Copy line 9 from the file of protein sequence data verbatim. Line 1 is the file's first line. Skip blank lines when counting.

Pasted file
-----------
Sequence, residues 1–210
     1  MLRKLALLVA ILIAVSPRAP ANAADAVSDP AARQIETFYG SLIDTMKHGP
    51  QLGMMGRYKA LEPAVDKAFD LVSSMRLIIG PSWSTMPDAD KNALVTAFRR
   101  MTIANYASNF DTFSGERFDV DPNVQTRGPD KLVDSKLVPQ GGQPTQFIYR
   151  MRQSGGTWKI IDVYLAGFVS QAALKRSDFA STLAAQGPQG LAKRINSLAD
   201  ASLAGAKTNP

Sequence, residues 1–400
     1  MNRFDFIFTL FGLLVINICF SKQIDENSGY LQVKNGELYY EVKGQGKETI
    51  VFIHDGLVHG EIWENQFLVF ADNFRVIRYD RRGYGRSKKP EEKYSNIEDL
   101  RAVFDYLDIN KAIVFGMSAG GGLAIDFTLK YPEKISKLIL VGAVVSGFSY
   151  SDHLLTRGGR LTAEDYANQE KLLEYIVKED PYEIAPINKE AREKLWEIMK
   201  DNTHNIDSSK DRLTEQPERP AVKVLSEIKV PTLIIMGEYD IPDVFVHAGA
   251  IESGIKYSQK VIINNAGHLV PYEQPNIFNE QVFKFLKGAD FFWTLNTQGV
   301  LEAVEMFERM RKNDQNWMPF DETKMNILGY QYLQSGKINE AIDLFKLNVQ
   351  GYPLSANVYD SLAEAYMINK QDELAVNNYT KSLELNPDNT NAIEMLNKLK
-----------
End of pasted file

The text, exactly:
    51  VFIHDGLVHG EIWENQFLVF ADNFRVIRYD RRGYGRSKKP EEKYSNIEDL